A Patron of Economic Update asks: "The descriptions I've seen of worker cooperatives focus almost exclusively on for-profit business models. How could a worker cooperative model apply to government and nonprofit workplaces, where workers don't have a "surplus" to distribute, can't alter public policies established by elected officials, and can't spend public or charitable funds in whatever way they choose? Is there a realistic and accountable way to implement workplace democracy or replace the traditional employer-employee relationship within the constraints of the public and nonprofit sectors?"
This is Professor Richard Wolff's video response.
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HEALTHCARE IN THIS COUNTRY IS DOOMED IF WE LET IT COTINUE AS A CASH COW FOR ADMINISTRATORS AND HELL FOR PATIENTS AND STAFF
Here’s what we have to do: it’s radical and may seem like an impossible dream but it is not. It has been done:
1. Get a group of healthcare workers together — nurses, housekeeping staff, RTs, PTs, MDs, etc.
2. Take over one of the many closed/abandoned hospitals.
3. Figure out some way to get start-up cash.
4. Operate this as an ACTUAL non-profit co-op. This means that EVERY worker will share ownership and decision-making: setting salaries, prices, what equipment to buy, what supplies to keep in stock, etc.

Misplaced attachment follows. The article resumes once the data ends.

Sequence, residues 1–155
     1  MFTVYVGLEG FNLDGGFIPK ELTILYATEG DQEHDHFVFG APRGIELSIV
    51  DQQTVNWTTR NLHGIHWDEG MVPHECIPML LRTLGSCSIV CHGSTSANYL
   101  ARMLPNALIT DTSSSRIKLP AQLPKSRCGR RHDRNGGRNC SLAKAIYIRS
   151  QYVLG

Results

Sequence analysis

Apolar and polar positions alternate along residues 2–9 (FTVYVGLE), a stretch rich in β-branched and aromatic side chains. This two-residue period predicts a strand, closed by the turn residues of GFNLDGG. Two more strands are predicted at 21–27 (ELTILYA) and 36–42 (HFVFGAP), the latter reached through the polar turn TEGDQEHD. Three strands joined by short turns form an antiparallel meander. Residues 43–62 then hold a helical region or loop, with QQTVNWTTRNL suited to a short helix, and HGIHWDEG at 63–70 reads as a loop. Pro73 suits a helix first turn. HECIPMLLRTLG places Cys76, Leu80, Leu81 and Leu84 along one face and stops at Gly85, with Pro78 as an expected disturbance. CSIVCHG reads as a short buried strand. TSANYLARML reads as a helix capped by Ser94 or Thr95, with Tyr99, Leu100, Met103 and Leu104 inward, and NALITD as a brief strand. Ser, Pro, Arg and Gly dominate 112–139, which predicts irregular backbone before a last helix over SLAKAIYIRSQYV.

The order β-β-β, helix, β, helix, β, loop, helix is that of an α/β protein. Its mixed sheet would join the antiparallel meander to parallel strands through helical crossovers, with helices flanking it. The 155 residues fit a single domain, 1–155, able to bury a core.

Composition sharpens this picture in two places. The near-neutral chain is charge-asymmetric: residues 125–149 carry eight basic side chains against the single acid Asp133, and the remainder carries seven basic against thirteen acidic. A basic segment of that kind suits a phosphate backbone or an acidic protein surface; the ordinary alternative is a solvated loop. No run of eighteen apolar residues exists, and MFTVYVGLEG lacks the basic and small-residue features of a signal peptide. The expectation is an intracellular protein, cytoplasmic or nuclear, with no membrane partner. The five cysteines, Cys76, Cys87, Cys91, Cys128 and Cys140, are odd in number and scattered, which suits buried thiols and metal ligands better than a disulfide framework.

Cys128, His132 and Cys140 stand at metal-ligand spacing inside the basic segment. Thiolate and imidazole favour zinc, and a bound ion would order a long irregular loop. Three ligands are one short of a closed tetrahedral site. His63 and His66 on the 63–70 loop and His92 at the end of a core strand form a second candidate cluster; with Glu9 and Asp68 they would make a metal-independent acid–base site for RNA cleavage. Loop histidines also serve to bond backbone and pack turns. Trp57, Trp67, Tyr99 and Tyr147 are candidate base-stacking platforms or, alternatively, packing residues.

(This is POSSIBLE — but certainly not easy. It is, I believe, the ONLY way to SAVE healthcare as an entity that CARES about its PATIENTS (not “customers”) and that CARES about the workers who provide that care. I believe that this would be enormously popular and that communities would welcome such institutions with open arms.)
“oh my God . I have had this as a dream for about 10 years now. CW Hollenbeck Cyn Goustin Linda Gennaro Ladislaw and anyone else. Let’s talk. Let’s meet. I even have a few places as potentially working for this. I am deadly serious.”
…and from another healthcare worker:
“so when do we start…I definitely would be on board with something like this…one of my suggestions would be that any administration would have to be working in the medical field…and it wouldn’t be a permanent position…like 2 or 3 years as president or ceo and you must return to the floor…part of the contract would be no quitting till after at least 1 year under the policies you’ve set…or you must be currently working the floor while administration…🤔 if someone did something like this I definitely would apply…working on my psychiatric NP…psychiatric nurse right now…”
…and my reply: “there would be NO administrators as such. The workers would be the owners and would make any hiring decisions that the majority of them felt necessary. Those hires would not be part of the ownership and could be dismissed at the will of the majority and might be brought in to fill a temporary need. There would be NO CEO as such.”
I hope you can help us — point us in the right direction, give us some suggestions. The horrible response to the pandemic (scarcity of PPE and other supplies, the CLOSING of 2 hospitals here in St. Paul, inadequate staffing, overwork and lack of appreciation shown to the workers) has shown us what a train wreck our so-called “healthcare system” is in this country.
Thank you for your inspiration and help…
Susanna E Patterson, retired fire department medic and nursing unit volunteer.
my email address is [email protected]